Companies who control their own destinies (excerpt)

Bryant VanCronkhiteFind out how companies with financial freedom can benefit investors. Bryant VanCronkhite, CFA, CPA, portfolio manager with Wells Capital Management, answers in this excerpt of On the Trading DeskSM from Friday, November 1, 2013. Mr. VanCronkhite is a manager in the mid-cap value space.

Watch the full interview.

What does “companies that control their own destiny” mean?
As individuals we want to be in control of our own destiny. We want the same for companies—companies that generate meaningful levels of free cash flow and a flexible balance sheet or financial freedom. That’s what we’re looking for.

How do you identify financial freedom?
Every company goes into the year with a strategic plan, and they want to execute that plan but their ability to execute often times depends on what’s happening around them. Companies that have financial freedom, or flexibility, can ignore what’s happening around them and do what they want to do based on the plans that they got at the beginning of the year. For example, the market might roll over when demand for business services starts to fall. And as that happens, many companies pull back their spending, cancel their plans, and just play defense. We look for companies who are positioned to play offense. Meaning, when the market is rolling over, they’re buying their stock back at discounted prices or they’re acquiring their competitor when they’re struggling. That positions them well for growth when the market eventually does come back—controlling their own destiny.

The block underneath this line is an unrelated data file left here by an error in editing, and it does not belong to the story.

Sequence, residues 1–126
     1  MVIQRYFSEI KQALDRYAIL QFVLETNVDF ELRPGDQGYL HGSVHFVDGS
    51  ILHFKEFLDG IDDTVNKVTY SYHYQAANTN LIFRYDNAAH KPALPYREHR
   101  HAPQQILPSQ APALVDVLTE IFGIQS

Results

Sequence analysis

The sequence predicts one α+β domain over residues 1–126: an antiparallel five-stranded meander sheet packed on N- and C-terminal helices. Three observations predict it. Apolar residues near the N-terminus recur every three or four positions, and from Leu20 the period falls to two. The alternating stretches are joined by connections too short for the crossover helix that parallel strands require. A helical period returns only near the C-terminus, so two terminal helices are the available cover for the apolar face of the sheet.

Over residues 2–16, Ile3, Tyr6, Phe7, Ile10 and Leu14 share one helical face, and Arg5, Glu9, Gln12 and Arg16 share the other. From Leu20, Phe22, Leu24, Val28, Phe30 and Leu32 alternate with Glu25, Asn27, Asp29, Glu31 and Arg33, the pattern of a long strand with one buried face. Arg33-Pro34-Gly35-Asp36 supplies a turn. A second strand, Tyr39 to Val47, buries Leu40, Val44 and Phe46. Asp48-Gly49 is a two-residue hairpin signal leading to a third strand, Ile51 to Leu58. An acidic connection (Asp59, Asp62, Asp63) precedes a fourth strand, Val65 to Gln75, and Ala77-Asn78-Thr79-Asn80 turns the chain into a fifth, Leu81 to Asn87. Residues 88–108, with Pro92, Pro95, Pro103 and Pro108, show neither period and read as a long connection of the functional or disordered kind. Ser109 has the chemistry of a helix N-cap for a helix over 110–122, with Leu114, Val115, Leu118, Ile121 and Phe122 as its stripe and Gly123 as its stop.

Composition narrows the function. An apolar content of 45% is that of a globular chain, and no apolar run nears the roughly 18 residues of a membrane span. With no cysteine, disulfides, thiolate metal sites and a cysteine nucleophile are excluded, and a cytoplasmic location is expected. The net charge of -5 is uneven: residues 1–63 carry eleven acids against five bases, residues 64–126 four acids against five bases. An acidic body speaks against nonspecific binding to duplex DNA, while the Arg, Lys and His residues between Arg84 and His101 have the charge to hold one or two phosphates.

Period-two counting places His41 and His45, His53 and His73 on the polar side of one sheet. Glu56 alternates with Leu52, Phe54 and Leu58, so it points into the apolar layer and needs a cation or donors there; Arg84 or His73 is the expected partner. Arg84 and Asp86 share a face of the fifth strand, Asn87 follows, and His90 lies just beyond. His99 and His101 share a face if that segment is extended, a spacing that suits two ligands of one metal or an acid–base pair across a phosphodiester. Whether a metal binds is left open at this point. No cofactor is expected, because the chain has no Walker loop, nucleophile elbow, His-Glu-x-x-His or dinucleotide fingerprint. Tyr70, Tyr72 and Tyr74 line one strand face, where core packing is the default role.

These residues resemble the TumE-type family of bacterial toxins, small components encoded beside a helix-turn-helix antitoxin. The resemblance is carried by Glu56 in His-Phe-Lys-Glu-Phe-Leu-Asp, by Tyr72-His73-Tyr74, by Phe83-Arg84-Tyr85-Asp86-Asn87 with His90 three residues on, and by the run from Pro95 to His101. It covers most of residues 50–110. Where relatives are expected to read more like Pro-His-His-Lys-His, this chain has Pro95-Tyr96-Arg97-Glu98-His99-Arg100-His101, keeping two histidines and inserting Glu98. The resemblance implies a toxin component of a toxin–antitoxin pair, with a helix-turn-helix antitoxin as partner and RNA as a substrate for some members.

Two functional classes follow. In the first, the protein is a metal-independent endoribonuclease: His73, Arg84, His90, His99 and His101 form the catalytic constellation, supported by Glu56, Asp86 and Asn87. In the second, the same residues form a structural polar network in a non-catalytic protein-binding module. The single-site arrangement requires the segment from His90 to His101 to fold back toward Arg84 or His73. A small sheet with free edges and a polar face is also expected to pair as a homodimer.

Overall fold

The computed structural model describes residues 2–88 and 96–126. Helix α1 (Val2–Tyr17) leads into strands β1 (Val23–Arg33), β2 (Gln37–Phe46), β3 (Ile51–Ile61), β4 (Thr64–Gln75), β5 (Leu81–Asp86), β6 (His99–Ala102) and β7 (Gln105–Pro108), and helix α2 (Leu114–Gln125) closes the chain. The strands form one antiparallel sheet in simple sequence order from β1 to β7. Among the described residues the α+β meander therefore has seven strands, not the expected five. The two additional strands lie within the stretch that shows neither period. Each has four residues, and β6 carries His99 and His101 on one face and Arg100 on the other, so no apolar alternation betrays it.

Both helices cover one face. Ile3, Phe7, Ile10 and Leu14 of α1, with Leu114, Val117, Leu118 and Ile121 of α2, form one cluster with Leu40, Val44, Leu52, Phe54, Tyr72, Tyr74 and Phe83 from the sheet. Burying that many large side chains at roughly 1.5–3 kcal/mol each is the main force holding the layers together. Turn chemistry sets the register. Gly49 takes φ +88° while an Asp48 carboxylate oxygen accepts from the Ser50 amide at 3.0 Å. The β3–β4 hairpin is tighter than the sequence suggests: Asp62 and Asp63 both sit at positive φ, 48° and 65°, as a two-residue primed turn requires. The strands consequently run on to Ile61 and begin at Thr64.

So, perhaps looking for more financial freedom is going to be prudent over the longer term. Is that the basic thesis?
Yeah. A company either [has it or doesn’t]. They all want it. Not all of them do. And we only invest in companies that have financial freedom.

You’re a numbers guy aren’t you, a CPA?
I am a CPA, yes.

How does that affect how you look at investing opportunities?
I’ve never thought of myself as a numbers guy. I have a penchant for numbers, but I haven’t thought of myself as a numbers guy, so to speak. As a CPA, it’s really more of a way of thinking. It’s a process that you’re taught, and the process really revolves around being skeptical. I think it’s a perfect mindset for investing. We’re constantly digging for that incremental data point, looking for unusual risks, that next piece of information that’s going to help our investment thesis be stronger and finding hidden value.

I’d love it if you could offer a parting thought for investors.
Sure. There’s a lot of noise in the investment world. If we just focus on companies that control their own destiny and have a reasonable time period, we can survive all the noise and not be distracted by it.

Bryant, thank you so much for joining us here On the Trading Desk.
Thank you for having me.

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